We can solve global education crisis
Publish Date: Apr 08, 2014
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By Sarah Natumanya

As a newly appointed Global Youth Ambassador for A World at School, I want to call attention to the57 million children around the world are currently being denied their human right to an education.

I am joined in this call to action by 500 other young advocates for global education. Together, we make up the Global Youth Ambassadors group – launched on April 1, by the United Nations Secretary-General Bank Ki Moon and the United Nations Special Envoy for Global Education Gordon Brown.

The big number of children out of school means a lot of human resource is being wasted. These children without education can never realise their potential in life and this means they will not have a developmental goal to achieve in life.

In some situations, children get little education and drop out of school because they are not facilitated, guided and encouraged why they have to study. This is so common in remote areas where my case study was based. They enter schools to try it out without a motive and at the end they are left with less or no skills that can open their minds to the competitive world a head of them.

Progress in education is contingent on wider social influencing inequalities based on income, gender, ethnicity, and location. There is need to promote coping frameworks championing for education for all policies within a sustainable and well-integrated sector framework that is clearly linked to poverty elimination and development strategies. While education planning has been strengthened, a failure to join education and poverty reduction strategies, along with high levels of fragmentation and weak coordination continues to hamper progress. There are deep and persistent inequalities in education linked to poverty, gender, nutrition, healthy, disability and other forms of marginalisation. Addressing the inequalities require policies that extend far beyond the education sector. It is important to incorporate national commitments to wide-ranging governance reforms. However, the implications of the reforms for equity in education are seldom considered in any detail, even where the reforms have potentially significant consequences. Decentralisation is one prominent example that can spur education for all children with practical strategies for ensuring that governance reforms strengthen the link between education planning and wider poverty reduction efforts.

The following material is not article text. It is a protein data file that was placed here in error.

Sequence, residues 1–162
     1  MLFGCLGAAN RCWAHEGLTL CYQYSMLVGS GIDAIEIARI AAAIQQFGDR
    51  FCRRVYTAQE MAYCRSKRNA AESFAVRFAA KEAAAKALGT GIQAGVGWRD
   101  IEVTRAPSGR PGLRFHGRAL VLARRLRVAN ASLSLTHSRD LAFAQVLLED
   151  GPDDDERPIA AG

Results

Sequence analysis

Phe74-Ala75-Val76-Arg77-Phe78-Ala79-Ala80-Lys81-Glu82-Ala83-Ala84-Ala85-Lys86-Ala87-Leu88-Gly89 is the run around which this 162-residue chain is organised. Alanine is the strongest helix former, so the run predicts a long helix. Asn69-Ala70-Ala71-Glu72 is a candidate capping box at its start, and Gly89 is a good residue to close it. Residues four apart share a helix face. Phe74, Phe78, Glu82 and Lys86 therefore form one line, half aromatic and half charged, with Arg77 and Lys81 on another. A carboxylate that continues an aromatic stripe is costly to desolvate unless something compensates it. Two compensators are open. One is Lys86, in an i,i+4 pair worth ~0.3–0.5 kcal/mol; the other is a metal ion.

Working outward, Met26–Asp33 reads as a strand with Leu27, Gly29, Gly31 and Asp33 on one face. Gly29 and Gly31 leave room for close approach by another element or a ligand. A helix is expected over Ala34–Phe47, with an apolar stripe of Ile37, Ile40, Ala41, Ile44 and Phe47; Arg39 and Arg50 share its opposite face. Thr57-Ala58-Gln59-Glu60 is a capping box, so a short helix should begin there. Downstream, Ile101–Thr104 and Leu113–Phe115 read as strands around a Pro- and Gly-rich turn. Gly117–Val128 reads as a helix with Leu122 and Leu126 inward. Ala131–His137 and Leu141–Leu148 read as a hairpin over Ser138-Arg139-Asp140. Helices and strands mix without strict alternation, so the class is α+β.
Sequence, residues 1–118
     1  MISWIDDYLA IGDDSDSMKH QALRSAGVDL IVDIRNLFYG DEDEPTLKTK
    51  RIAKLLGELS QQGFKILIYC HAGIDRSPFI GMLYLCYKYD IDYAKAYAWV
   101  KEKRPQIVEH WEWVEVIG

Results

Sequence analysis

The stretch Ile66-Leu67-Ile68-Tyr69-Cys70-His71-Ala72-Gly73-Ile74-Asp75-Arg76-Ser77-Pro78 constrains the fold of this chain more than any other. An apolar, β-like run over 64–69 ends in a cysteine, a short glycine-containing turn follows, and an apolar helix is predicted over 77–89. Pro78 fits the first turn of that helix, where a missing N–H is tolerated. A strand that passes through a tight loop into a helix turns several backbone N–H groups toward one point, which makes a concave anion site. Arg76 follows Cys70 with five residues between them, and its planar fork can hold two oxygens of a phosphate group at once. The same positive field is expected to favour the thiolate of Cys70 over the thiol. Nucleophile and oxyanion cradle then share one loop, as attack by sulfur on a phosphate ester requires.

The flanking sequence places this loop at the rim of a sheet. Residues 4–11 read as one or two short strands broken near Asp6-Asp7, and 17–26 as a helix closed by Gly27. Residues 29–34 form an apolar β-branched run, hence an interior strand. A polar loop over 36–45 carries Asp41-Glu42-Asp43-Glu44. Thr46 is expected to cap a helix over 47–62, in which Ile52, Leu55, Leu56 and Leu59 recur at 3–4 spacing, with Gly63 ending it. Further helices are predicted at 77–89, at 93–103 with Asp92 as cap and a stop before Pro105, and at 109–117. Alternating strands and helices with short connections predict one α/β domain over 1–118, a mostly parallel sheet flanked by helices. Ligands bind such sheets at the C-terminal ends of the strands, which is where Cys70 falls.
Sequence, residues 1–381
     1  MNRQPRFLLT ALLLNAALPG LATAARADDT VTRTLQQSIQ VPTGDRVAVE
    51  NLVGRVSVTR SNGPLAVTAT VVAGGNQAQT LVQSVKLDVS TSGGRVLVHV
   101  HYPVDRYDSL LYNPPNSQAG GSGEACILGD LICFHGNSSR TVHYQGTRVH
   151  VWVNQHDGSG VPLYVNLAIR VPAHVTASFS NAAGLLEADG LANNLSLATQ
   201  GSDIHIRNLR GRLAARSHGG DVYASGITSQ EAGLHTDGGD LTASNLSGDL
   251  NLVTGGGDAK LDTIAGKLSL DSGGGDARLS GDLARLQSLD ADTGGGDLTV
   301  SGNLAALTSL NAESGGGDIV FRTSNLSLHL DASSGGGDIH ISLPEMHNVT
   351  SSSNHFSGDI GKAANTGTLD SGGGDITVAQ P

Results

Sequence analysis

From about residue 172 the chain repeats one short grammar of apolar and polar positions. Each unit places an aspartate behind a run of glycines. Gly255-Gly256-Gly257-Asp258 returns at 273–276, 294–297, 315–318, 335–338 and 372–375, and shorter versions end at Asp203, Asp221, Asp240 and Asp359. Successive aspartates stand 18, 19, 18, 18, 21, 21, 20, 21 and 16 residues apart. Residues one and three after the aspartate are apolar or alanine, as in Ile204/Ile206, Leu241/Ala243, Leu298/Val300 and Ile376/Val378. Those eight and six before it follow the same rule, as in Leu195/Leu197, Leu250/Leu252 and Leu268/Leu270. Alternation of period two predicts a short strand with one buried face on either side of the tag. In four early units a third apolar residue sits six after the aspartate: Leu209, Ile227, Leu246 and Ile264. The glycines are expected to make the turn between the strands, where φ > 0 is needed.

I want to reach every child - the poorest, the most excluded, the most vulnerable and those whose rights need greater protection. There are many problems that we face across the globe - concerning poverty, nutrition, water and sanitation, health, environment and conservation, economic development, gender equality, social inclusion. We believe that education lies at the heart of the solution to each of these.

As firm believers that education is the answer to the greatest challenges we face as a society, we ask for your help in urging leaders to raise budgets, build schools, train teachers and improve learning for all children.

It has been shown that we could lift over 170 million people out of poverty simply by teaching every child in low-income countries basic reading skills.

So why are we not making this a reality?

Unless we revert current trends, we will not even achieve universal primary education before 2086.

So Join A World at School in our campaign to get every child into school learning. Support our calls to action and get all the latest news on global education online (www.aworldatschool.org) on twitter (@aworldatschool) and on Face book (www.facebook.com/AWorldAtSchool).

The writer ia a World at School Global Youth Ambassador.

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